Nick Rowland on Calm with Horses: 'The way I looked at all the relationships in the film is they're all trapped by a selfish love'
Director Rowland and leading man Cosmo Jarvis discuss the atmospheric crime drama set in a bleak rural Ireland
Leading man Cosmo Jarvis turns in a breakthrough performance in director Nick Rowland's debut feature film, set in a fictional town on the West Coast of Ireland. Adapted from a novella about a hulking criminal enforcer from Colin Barrett's award-winning collection of short stories, Young Skins, the thirty-year-old actor wrestles with themes of frustration and fatherhood with the sensitivity and maturity of a seasoned pro.
Rowland is close to the material, a book, he says, 'I just fell in love with. When I was reading it, it felt awfully similar to growing up in Banff in Scotland. It felt very familiar to me. There was a universal quality to it. If you've grown up in any of these isolated, small communities, they're picturesque but you always feel that dark things could be lurking just around the corner.'
There's both beauty and bleakness in Rowland's portrayal of small-town life told from the perspective of a man stuck by circumstance. The occasional eruption of visceral violence associated with the crime thriller is there, but so too is the emotional drama, made especially poignant by the strength of Jarvis' empathetic representation of a wounded and morally torn character.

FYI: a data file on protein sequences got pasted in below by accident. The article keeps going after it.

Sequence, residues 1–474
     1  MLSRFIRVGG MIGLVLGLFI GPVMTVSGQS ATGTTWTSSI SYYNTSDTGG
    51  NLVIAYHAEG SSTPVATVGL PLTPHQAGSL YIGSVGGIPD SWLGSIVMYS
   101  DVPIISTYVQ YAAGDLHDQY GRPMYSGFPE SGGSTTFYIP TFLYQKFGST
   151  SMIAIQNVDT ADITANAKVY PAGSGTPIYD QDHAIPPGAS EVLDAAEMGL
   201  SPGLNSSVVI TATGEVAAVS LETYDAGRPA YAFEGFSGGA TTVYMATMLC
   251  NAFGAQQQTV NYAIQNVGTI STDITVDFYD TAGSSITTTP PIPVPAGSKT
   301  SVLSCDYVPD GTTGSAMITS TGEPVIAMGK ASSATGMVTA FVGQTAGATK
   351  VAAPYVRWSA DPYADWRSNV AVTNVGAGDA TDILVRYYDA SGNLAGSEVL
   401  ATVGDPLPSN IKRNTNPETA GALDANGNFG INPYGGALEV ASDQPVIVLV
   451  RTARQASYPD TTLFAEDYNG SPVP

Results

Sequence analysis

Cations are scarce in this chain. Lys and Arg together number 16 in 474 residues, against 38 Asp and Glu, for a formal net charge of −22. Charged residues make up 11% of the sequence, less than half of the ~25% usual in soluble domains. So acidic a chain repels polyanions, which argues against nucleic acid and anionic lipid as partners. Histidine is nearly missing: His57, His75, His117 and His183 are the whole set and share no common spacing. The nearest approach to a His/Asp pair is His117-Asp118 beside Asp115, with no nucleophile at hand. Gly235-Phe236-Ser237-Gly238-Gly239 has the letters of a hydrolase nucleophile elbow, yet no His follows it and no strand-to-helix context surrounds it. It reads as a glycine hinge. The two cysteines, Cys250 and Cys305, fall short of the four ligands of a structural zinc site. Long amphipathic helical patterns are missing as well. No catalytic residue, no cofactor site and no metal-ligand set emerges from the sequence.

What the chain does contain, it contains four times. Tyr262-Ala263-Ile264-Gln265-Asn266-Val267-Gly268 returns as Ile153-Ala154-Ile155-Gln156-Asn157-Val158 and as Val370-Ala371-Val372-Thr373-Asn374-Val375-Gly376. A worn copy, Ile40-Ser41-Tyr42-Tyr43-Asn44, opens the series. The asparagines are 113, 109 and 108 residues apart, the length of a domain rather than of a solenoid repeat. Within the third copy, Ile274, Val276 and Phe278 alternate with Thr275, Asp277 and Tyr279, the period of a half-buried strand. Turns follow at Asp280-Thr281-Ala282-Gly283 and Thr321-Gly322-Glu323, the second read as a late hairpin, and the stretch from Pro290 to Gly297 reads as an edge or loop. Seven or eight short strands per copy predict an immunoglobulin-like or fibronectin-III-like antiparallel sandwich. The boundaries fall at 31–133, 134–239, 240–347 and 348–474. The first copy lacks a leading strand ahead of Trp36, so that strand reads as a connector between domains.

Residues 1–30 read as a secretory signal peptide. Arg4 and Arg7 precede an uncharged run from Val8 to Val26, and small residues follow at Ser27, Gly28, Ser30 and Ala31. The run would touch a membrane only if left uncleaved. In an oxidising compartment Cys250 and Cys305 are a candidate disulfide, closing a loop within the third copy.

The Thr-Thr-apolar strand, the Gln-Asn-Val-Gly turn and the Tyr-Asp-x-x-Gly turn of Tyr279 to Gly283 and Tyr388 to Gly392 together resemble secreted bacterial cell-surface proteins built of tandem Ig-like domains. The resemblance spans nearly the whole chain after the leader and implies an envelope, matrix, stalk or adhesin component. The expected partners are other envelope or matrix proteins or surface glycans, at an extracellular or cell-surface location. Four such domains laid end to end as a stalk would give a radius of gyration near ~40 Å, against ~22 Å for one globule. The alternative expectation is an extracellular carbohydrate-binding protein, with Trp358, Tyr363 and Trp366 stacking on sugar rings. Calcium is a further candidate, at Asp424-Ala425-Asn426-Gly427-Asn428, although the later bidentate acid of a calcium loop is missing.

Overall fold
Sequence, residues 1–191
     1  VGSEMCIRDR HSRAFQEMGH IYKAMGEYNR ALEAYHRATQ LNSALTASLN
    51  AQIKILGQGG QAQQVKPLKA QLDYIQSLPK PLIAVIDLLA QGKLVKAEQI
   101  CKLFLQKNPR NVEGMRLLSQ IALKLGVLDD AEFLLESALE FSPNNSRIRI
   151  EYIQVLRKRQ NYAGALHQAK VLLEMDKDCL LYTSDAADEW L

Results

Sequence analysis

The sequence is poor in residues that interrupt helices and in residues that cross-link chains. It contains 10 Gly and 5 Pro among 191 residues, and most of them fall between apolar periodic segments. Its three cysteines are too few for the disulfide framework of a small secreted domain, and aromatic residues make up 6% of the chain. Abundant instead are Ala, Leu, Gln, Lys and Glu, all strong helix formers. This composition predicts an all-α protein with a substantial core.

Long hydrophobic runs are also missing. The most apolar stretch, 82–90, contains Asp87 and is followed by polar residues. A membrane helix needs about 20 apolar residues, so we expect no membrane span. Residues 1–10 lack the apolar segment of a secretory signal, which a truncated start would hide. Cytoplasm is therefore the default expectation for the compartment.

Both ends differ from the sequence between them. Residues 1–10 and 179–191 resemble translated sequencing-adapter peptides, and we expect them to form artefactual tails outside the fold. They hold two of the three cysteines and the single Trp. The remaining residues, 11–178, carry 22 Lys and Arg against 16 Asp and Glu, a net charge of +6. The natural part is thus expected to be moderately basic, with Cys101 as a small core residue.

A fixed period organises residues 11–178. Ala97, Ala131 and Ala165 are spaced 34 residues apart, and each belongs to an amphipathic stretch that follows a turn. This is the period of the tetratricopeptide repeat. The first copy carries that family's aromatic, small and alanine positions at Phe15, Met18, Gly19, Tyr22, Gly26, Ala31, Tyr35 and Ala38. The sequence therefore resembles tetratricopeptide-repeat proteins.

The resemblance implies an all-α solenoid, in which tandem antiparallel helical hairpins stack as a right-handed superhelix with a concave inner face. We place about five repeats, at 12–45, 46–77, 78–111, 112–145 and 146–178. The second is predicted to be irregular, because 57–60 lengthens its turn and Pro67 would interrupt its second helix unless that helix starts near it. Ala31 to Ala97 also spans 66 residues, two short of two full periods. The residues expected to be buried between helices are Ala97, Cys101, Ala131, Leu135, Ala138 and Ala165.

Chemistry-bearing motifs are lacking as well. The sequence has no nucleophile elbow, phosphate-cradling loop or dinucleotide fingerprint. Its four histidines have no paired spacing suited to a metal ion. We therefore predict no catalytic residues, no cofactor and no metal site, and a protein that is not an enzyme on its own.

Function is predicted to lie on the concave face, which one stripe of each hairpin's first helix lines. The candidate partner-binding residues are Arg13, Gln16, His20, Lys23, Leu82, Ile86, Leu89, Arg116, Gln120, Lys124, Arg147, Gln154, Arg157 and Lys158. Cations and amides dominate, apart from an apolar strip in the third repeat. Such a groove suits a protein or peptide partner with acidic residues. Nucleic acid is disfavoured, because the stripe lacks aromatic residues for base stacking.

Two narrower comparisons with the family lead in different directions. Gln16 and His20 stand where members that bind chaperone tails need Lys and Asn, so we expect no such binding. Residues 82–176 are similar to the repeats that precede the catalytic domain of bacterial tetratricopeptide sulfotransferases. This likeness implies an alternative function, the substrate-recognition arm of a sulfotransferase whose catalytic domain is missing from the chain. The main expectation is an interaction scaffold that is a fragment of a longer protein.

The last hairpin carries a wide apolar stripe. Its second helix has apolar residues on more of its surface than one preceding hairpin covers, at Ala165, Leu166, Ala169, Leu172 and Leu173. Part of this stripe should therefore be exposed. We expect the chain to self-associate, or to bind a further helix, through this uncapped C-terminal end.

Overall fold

'What became really clear, from the moment Cosmo came in to audition, is that he really understood the spine of the character,' says Rowland. 'With a character like Arm, on the page, he's not particularly sympathetic, and there's a real danger that the audience won't go with him. Cosmo made some really interesting choices and played him a soulful way, and not as an alpha male. He brings a vulnerability, where you want the best for the character, and you understand that he's being manipulated.'
Arm carries out violent payback for a local drug-dealing clan, and is used as something of a tool by his friend, Dympna (Barry Keoghan). His mettle is tested, and loyalty is split between his real family, son Jack (Kiljan Moroney) and ex-partner Ursula (Niamh Algar), and the criminal family who have taken him under his wing.
'The way I looked at all the relationships in the film is they're all trapped by a selfish love,' explains Rowland. 'Arm loves Jack, but wants to keep him in the town and in his life for selfish reasons. How do you break that? That was one of the main questions I wanted to explore.'
Parenthood and the moral complexities at the heart of the film chimed with Jarvis. 'I can only speak for myself but all of my moral compass in some way comes from the ember of honourable characters in films or fiction,' says Jarvis. 'I was always interested in older actors, which I guess is because as a young man you're looking for knowledge, wisdom and father figures … I mean I was.'
Jarvis' family life is something he has been open with, in his previous career as a musician, with references to his parents' divorce. 'It's weird because I've grown up watching all these old boys doing their stuff, Daniel Day-Lewis, James Gandolfini, Philip Seymour Hoffmann, Lee Cobb, Peter Sellers,' lists Jarvis. 'They inadvertently turned out to be my parents one way or another growing up.'
General release from Fri 13 Mar.